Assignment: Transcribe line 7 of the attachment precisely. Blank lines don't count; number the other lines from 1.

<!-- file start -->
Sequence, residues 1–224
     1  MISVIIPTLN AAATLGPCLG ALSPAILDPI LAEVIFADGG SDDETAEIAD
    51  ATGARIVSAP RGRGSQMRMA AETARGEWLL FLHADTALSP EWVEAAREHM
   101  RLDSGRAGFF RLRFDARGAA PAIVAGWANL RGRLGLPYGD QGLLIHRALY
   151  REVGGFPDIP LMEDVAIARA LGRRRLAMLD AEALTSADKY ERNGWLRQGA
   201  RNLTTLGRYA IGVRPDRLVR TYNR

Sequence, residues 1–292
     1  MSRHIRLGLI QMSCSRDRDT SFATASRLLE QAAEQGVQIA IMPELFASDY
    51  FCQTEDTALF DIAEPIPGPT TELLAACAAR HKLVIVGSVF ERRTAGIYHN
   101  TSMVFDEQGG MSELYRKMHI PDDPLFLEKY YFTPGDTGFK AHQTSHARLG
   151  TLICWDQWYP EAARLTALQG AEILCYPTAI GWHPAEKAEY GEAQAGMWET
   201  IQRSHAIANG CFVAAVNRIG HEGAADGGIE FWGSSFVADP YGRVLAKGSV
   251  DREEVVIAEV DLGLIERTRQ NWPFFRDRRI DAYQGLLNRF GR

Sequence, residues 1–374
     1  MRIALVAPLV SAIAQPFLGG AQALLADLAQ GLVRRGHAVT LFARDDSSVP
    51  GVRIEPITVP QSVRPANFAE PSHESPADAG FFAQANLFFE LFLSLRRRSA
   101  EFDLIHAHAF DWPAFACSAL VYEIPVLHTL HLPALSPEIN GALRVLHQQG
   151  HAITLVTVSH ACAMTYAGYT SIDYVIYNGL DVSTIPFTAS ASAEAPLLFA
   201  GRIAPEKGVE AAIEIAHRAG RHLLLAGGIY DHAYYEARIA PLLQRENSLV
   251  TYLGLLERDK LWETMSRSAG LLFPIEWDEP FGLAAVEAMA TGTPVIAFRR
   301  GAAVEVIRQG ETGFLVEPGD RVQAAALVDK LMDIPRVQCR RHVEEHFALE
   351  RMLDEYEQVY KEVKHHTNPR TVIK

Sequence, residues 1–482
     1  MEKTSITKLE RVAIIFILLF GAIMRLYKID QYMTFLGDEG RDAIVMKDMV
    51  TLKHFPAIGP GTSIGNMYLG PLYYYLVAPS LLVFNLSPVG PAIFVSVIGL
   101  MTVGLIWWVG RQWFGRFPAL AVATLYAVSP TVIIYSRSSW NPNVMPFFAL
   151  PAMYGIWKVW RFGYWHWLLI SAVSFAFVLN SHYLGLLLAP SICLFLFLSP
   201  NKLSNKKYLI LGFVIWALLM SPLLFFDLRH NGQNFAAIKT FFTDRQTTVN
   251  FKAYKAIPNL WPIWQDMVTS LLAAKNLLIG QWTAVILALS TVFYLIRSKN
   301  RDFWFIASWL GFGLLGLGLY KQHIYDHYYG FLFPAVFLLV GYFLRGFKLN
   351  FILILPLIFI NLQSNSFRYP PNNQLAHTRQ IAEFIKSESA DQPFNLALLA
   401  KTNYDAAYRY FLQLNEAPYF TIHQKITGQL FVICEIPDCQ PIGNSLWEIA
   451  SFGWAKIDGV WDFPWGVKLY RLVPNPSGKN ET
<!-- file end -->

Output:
Sequence, residues 1–292